But there are times, I think, when a little dredging is just what your relationship needs.
Morehead City, North Carolina, is home to one of the deepest ports on the East Coast. It’s a vital passageway for commercial and military ships. But the port developed a serious problem when Hurricane Sandy deposited sand in the channel -- and lots of it! Several areas that had once been almost 50 feet deep were reduced to only 5.
Without dredging, the waterway would be inaccessible to ships, and a crucial port to the region would be shut down.
Unresolved conflict is like a never-ending storm between a husband and wife, depositing a sludge of bitterness in their hearts. Before long, instead of deep, fulfilling connection, the relationship becomes shallow and stagnates.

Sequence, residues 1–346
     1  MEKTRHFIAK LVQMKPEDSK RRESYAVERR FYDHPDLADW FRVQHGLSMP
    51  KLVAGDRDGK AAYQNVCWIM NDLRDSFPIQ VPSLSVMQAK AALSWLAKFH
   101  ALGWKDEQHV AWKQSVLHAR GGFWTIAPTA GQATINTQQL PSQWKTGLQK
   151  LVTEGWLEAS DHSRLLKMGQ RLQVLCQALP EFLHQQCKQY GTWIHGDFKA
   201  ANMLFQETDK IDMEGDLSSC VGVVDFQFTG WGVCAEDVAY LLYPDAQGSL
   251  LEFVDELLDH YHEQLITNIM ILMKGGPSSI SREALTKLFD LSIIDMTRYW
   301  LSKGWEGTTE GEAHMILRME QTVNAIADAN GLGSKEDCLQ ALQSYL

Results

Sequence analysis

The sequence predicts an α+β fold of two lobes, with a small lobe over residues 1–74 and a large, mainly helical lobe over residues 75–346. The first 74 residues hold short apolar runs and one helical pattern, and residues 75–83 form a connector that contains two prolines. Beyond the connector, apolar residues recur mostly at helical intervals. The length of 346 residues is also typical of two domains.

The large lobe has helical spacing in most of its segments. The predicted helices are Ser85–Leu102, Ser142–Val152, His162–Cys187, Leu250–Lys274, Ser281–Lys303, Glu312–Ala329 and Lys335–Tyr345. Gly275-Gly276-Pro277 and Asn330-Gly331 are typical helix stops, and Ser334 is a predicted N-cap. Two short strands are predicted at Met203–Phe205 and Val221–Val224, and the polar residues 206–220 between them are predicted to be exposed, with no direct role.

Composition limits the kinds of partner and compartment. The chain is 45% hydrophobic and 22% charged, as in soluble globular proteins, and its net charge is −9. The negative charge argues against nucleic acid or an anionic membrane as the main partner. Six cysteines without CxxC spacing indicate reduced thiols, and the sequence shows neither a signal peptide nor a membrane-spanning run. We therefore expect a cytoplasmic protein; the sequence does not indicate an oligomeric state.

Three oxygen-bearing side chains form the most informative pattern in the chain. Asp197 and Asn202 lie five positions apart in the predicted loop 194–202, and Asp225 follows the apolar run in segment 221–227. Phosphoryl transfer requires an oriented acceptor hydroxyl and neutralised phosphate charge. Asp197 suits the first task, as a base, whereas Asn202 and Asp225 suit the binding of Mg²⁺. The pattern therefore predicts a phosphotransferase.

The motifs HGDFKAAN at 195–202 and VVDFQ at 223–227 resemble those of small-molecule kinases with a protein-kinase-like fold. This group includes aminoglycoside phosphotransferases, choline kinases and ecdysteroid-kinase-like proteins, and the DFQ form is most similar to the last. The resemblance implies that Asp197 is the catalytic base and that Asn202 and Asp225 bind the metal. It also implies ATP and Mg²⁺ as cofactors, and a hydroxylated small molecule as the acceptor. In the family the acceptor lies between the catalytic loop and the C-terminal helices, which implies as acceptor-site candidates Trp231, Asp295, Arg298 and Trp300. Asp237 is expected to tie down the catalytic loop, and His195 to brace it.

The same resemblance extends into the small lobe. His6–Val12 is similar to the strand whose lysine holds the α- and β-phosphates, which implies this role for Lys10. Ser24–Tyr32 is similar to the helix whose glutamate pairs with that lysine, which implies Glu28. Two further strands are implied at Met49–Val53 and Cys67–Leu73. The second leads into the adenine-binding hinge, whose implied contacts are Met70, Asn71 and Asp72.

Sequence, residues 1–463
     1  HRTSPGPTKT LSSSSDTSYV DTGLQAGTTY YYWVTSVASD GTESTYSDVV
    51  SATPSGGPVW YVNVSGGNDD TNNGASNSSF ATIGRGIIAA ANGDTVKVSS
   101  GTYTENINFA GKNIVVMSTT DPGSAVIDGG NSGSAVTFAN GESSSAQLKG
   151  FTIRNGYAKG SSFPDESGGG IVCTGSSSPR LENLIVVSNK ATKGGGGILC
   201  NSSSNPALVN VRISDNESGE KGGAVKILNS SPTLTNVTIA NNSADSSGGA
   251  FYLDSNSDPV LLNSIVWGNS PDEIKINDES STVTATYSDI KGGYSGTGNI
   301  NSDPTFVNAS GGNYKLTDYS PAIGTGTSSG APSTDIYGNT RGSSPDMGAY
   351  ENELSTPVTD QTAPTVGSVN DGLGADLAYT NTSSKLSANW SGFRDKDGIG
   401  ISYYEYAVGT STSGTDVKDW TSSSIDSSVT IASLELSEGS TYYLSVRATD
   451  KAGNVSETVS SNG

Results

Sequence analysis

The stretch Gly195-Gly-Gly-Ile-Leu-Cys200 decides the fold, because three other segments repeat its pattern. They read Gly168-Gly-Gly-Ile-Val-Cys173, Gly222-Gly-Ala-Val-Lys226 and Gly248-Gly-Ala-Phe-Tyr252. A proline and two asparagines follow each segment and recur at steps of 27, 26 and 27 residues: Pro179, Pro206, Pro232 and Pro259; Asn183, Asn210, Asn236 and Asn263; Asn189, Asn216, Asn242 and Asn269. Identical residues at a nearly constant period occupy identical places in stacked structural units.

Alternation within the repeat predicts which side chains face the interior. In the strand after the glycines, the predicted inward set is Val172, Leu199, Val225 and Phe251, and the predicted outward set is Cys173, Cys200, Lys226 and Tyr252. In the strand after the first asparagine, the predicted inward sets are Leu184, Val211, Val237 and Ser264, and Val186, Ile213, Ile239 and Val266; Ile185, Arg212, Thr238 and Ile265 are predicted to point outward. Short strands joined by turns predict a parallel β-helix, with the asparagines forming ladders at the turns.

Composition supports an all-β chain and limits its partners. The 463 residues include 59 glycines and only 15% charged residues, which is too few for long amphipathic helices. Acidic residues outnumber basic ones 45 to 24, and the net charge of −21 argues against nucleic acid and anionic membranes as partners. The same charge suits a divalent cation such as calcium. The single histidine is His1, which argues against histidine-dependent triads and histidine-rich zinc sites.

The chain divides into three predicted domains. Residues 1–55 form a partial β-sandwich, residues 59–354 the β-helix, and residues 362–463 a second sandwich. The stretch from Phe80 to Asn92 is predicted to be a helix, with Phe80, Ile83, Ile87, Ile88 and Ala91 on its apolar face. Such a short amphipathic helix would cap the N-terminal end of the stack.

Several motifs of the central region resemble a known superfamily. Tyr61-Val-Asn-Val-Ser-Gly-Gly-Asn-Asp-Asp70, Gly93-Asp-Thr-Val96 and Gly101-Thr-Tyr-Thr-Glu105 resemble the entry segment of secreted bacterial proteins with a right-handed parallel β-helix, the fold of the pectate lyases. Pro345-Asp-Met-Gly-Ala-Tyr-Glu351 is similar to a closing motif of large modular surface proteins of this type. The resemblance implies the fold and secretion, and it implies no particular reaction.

When this happens, it’s time to dredge.
Obviously, by “dredging up the past,” I’m not referring to its typical meaning of re-hashing old conflicts to punish your spouse for their mistakes. I’m suggesting a couple join together to work through the resentment that has bogged down the relationship.
It’s not easy, and some marriages need the guidance of a professional counselor to help them through. But with patience and the willingness to forgive one another, the depth of love couples once had for one another can be restored.
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